Since Arbitrator Manase was not sitting as an appeal court, it was clearly not open to him to do as he purported.

 

More confounding, in my view, is the fact that the parties in this matter agreed to refer the dispute to Arbitrator Manase. This was notwithstanding the common understanding by all that an Arbitrator who enjoys parallel jurisdiction with any other arbitrator can at law, neither set aside nor interfere in any manner with the award of another arbitrator. They also did this in full knowledge of the fact that the first arbitral award was extant, and that the agreement based on it had been fully implemented by the parties to the dispute.

 

The respondent attempts to differentiate between the two arbitral awards as follows:

“…. The court a quo did not err because the two awards dealt with separate and distinct causes of action. The Manase award dealt with the lawfulness of the retrenchment while the Bvumbe award dealt with a dispute over claimed contractual benefits and benefits to be included in a retrenchment package….” (my emphasis)  

 

 

There can be no doubt that the ‘retrenchment’ referred to in this submission is the process, based on Arbitrator Bvumbe’s award, that culminated in the signing of the termination of employment agreement by the parties. As already stated it is evident that the parties loosely used the term ‘retrenchment’ when in fact all they signed was an agreement terminating the respondent’s employment with the appellant. This is the process that Arbitrator Manase was to review and whose lawfulness or otherwise he was to determine.

I have found that the process did not amount to a retrenchment. I must make the point that even if it had been a retrenchment process, Arbitrator Manase would still have lacked the jurisdiction to determine its lawfulness or otherwise. Following upon the arbitral award handed down by Arbitrator Bvumbe, the matter became res judicata. By virtue of the fact that both arbitrators were endowed with the same jurisdictional powers, Arbitrator Manase was accordingly functus officio in relation to the same dispute. The first arbitral award could only be reviewed or set aside by a court of higher jurisdiction. Because that did not happen, that award stands as the one that finally determined the dispute, leaving no basis for interference therewith, by the second Arbitrator, Mr Manase. His attempt to do so was therefore of no force or effect.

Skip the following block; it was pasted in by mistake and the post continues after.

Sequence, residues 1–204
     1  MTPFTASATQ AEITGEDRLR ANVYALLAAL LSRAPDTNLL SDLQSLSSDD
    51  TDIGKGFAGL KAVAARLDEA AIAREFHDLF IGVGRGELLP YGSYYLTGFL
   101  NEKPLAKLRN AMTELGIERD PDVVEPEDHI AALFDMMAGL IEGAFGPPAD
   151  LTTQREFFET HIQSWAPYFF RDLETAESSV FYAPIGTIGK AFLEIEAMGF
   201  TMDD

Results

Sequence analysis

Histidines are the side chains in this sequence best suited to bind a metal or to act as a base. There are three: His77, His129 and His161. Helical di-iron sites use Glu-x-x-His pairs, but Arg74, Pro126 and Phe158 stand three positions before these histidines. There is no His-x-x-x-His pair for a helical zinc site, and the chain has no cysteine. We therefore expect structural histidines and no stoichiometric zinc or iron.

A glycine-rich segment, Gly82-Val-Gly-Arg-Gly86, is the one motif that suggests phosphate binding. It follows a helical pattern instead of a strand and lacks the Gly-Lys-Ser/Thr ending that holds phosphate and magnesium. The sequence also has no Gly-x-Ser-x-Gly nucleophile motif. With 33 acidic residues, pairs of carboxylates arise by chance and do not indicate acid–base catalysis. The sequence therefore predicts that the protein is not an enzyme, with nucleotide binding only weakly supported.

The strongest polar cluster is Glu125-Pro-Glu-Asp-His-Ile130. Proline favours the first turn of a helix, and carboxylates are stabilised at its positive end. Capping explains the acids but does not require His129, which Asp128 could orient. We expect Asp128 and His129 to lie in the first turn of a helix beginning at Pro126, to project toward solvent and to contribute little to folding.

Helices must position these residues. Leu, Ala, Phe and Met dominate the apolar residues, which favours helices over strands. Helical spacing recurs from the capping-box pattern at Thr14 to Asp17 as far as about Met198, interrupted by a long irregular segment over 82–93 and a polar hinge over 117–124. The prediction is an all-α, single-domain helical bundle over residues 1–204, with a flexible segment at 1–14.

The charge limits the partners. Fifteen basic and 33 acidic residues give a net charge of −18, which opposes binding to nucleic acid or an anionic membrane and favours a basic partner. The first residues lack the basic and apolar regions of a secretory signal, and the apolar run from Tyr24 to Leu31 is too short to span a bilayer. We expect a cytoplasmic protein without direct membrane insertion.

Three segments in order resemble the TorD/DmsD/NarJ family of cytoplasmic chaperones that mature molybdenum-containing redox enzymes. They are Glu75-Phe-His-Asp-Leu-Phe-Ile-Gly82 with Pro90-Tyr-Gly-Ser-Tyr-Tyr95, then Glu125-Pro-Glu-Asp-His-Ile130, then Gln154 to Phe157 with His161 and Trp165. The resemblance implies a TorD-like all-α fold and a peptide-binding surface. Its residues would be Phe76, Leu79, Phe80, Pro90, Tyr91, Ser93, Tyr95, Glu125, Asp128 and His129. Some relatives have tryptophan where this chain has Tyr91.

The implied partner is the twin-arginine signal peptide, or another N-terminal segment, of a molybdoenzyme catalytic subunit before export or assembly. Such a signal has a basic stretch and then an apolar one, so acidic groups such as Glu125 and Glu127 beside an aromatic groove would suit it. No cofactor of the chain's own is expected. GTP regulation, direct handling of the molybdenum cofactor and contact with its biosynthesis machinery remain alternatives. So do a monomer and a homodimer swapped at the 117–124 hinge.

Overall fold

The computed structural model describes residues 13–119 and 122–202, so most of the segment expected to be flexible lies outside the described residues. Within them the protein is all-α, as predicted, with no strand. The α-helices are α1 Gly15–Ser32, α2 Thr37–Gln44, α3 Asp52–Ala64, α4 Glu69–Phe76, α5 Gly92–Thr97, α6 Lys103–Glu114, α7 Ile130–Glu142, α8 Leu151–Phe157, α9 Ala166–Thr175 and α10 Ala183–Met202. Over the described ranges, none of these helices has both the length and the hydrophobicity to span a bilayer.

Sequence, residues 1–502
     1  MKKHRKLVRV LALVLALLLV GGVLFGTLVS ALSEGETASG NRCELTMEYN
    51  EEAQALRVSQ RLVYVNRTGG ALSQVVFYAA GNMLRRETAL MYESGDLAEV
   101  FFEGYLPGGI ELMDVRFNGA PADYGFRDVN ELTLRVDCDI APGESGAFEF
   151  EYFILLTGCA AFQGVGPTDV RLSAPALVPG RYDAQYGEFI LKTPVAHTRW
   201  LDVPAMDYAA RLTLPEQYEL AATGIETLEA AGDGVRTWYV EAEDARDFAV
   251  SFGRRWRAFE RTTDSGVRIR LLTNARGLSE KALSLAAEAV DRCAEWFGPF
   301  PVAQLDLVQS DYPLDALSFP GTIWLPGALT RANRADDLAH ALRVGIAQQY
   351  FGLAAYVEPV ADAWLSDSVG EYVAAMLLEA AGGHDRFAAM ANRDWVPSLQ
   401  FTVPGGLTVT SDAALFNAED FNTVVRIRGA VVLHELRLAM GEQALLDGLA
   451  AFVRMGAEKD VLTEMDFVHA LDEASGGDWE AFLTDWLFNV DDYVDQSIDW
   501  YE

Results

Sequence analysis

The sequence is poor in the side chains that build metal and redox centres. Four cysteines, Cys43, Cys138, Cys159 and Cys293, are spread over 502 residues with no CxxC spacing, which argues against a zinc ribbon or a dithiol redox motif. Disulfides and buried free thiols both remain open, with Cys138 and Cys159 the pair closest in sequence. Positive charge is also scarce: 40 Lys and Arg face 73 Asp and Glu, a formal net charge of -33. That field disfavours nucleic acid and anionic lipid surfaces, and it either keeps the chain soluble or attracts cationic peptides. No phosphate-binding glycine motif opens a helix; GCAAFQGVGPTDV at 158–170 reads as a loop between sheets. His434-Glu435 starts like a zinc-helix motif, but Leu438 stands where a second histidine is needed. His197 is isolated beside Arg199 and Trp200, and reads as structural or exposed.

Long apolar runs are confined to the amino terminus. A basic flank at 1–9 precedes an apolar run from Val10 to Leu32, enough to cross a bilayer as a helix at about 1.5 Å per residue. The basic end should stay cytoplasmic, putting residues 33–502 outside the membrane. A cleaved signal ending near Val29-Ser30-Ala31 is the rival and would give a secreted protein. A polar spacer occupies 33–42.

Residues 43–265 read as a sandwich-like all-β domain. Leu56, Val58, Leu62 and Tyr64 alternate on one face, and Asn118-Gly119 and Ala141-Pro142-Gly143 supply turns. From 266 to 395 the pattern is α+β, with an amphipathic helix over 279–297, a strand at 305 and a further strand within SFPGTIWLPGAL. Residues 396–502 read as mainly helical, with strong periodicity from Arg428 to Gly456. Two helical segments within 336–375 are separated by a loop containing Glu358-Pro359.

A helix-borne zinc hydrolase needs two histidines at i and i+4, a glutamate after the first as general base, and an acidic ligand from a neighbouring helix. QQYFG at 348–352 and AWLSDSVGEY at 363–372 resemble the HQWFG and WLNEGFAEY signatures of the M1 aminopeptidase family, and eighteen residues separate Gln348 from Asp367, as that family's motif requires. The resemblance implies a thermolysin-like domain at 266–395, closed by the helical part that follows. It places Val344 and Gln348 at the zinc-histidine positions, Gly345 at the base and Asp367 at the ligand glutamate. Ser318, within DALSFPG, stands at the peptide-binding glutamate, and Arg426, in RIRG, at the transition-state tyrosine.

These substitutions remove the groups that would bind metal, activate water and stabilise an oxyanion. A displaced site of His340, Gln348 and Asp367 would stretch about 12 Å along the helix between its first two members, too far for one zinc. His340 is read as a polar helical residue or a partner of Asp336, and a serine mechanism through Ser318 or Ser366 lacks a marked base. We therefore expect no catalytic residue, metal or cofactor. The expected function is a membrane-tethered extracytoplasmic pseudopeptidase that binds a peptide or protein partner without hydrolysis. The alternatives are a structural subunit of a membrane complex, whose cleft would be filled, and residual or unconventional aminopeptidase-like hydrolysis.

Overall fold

I find in the result that the court a quo misdirected itself in upholding Mr Manase’s award. The appeal therefore has merit and ought to succeed.

 

Having determined that the parties effectively signed and honoured an agreement to terminate the employment of the respondent with the appellant, and that this circumstance constituted a final resolution of the dispute between them, it becomes unnecessary to consider the alternative ground of appeal relating to whether or not the respondent repudiated the employment contract.

 

DISPOSITION

In the premises, it is ordered as follows:

  1. The appeal succeeds with costs
  2. The judgment of the court a quo is set aside and substituted with the following:

“(i)       The appeal succeeds with costs.

  • The arbitral award by Arbitrator Manase dated July, 2013 be and is hereby set aside.”

 

 

 

GUVAVA JA:                       I agree

 

 

MAVANGIRA JA:               I agree

 

 

 

Dube Manikai Hwacha, Appellant`s legal practitioners

Munyaradzi Gwisai and Partners, Respondent`s legal practitioners

See macDonald v Canada (AG) (1994) 1 SCR 311 at 329

The letter erroneously states that the offer letter was received on 24 June, 2009, when the legal practitioners’ date stamp on the latter document clearly indicates it was received on 30th March 2009

This would, in any case not have changed the character and effect of the agreement, for that is not capable of being concluded on a “without prejudice” basis .  See Yakub Mahomed v John Arnold Bredenkamp HH 130/16 where it was held as follows;

“I also find persuasive the submission made on behalf of the plaintiff that an agreement cannot be without prejudice or privileged, only the negotiations can…”